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The Eiffel Tower’s scientific vocation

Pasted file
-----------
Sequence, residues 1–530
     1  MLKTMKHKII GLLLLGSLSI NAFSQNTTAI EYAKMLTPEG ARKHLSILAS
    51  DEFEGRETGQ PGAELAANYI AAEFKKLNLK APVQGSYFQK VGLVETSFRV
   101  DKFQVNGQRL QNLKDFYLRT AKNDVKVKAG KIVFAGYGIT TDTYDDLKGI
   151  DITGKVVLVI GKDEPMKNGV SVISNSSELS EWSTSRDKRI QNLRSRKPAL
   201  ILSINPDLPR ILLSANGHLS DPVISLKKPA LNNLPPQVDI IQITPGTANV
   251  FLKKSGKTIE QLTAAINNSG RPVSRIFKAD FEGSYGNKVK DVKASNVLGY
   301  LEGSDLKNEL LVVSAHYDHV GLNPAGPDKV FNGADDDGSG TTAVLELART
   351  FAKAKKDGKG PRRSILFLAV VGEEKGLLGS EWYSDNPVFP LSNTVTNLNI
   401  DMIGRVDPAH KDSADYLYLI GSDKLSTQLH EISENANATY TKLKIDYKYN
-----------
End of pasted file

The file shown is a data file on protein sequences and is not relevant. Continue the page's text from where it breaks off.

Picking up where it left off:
Gustave Eiffel placed his tower under the symbolic protection of seventy-two men of science whose names are engraved on the perimeter of the first floor. As early as 1889, the Eiffel Tower became the site of scientific experiments designed to demonstrate its usefulness after 1909, when the 20-year concession granted by the City of Paris came to an end. A giant Foucault pendulum was fixed under the second floor to demonstrate the forces that govern the rotation of the earth. A 300-metre-high mercury manometer accurately measured high pressures and calibrates industrial manometers. A weather station provided daily data published by Gustave Eiffel.
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